By Senior Airman Monica Roybal, 386th Air Expeditionary Wing Public Affairs
/ Published October 15, 2020
U.S. Air Force Tech. Sgt. Austin Medina, 22nd Expeditionary Weather Squadron non-commissioned officer in charge, uses a laser rangefinder at Camp Buehring, Kuwait, Oct. 2, 2020. Airfield Weather Services members use rangefinders to measure distances for strategic weather sensor placement. (U.S. Air Force photo by Senior Airman Monica Roybal)
U.S. Air Force Senior Airman Marquise Meda, 22nd Expeditionary Weather Squadron combat weather forecaster, briefs a unit at Camp Buehring, Kuwait, Oct. 2, 2020. Staff Weather Officers are currently scattered throughout the camp’s tactical operation centers where they remain embedded in various Army units and are ready to mobilize at a moment’s notice. (U.S. Air Force photo by Senior Airman Monica Roybal)
U.S. Air Force Tech. Sgt. Austin Medina, 22nd Expeditionary Weather Squadron non-commissioned officer in charge, records laser rangefinder statistics at Camp Buehring, Kuwait, Oct. 2, 2020. Staff Weather Officers are tasked with weather sensor placement, sensor maintenance and data retrieval throughout the theater. (U.S. Air Force photo by Senior Airman Monica Roybal)
U.S. Air Force Tech. Sgt. Austin Medina, 22nd Expeditionary Weather Squadron non-commissioned officer in charge, observes the area at Camp Buehring, Kuwait, Oct. 2, 2020. Staff Weather Officers have been assigned to units at the camp as the U.S. military executes troop retrograde from Iraq. (U.S. Air Force photo by Senior Airman Monica Roybal)
An influx of U.S. Air Force Staff Weather Officers have been assigned to units at Camp Buehring, Kuwait, as the U.S. military executes troop retrograde from Iraq, which began in late June, 2020.
This new and unique circumstance could prove advantageous to U.S. Army aviation and ground units at the camp since SWO’s are typically embedded in U.S. Army mobile task forces that complete missions throughout the theater in support of Operation Inherent Resolve and Operation Spartan Shield.
“A dedicated Airfield Weather Services team is a great capability and this is the first time we’ve had this resource for Army Central Command,” said U.S. Air Force Lt. Col. Shane Gillies, 22nd Expeditionary Weather Squadron commander. “This could all be temporary as the overall theater is changing, but, in the meantime, we are utilizing what impactful resources we have here now by assigning a SWO team to the Army headquarters elements here.”
According to Gillies, the AWS bring a new component to Buehring in that they are achieving the Chief of Staff of the Air Force’s vision for team deployments. The AWS Airmen can use their stationary posture to provide consistent environmental intelligence that ensures safe aviation and ground operations at Camp Buehring rather than supporting a specific task force.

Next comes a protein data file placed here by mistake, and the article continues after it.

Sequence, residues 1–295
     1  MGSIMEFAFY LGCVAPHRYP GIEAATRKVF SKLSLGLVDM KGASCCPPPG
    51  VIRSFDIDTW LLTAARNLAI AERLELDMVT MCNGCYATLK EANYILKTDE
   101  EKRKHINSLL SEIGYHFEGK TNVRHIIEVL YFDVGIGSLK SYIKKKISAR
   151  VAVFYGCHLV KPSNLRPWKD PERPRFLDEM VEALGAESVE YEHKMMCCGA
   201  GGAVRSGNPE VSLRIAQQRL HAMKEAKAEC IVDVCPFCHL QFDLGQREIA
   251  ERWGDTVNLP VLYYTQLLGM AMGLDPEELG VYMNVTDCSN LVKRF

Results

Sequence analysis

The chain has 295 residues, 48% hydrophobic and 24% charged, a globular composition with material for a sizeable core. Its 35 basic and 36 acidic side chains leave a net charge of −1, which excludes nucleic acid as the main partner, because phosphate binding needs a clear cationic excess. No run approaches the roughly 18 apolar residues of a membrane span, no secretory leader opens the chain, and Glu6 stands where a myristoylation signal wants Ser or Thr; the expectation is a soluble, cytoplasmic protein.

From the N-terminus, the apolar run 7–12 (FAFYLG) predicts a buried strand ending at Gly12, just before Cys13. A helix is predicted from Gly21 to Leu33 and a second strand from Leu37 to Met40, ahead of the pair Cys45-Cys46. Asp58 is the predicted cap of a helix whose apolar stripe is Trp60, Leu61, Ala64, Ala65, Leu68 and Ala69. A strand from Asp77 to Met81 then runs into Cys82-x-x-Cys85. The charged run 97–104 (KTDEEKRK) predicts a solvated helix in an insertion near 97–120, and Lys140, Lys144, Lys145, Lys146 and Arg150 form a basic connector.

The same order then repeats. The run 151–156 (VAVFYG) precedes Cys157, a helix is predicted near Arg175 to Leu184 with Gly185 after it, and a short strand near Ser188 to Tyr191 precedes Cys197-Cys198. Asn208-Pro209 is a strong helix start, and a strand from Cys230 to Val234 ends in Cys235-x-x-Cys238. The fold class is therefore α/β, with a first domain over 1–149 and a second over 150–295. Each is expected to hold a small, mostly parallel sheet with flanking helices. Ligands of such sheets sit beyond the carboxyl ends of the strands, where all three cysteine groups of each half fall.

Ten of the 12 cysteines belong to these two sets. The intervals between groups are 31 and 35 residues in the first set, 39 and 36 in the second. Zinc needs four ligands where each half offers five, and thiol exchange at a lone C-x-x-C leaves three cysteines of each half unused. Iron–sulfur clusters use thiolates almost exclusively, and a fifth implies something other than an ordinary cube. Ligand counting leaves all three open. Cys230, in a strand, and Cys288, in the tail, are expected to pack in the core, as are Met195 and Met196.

SWO’s are currently scattered throughout the camp’s Tactical Operation Centers where they remain embedded in various Army units and are ready to mobilize at a moment’s notice. The more integrated they become with the units, the more precise recommendations they can provide to help propel specific missions.
“The Army understands how important it is to have a SWO in their TOC’s because without a weather forecast a lot of things get shut down,” Gillies continued. “It comes down to trust. When you see your SWO every day and you know they speak Army terminology, it brings comfort that they understand the operation. They know artillery, they can handle themselves in a Humvee, they know movements on the ground and how weather impacts all of that.”
Part of claiming this specialized SWO duty title means the Airmen must train like Soldiers and are held to Army standards. SWO’s are tasked with fulfilling all the training requirements for the Army unit they are assigned to, which leads to some of these Airmen forecasters to be Army Airborne School, Air Assault School, Ranger School or Pathfinder School-qualified.
The inter-service training is an opportunity to cultivate a mutual respect where Airmen experience how Soldiers train for missions and Soldiers see Airmen accomplish the same training in order to provide an integral service to their unit.
“We are already engaged in the Army lifestyle by the time we arrive at our units,” said Senior Airman Marquise Meda, 22nd EWXS combat weather forecaster. “We’ve really built that brotherhood whether we’re working on our mission, hanging out after hours or (working out) in the early morning. I know they’re always looking out for me and I’m always looking out for them.”
The newly established Air Force and Army immersive weather forecasting environment at Buehring protects key logistical and command aspects in Kuwait, which allows forces to rapidly respond to matters throughout the theater.
“This is just the tip of the iceberg,” Gillies said. “Ultimately, my vision is that we are the leading Army Weather Support Squadron given that we’re actively supporting day-to-day operations around the clock and learning how to support multi-domain operations as the Army starts to fuse (intelligence, surveillance and reconnaissance) with targeting and reconnaissance on the ground.”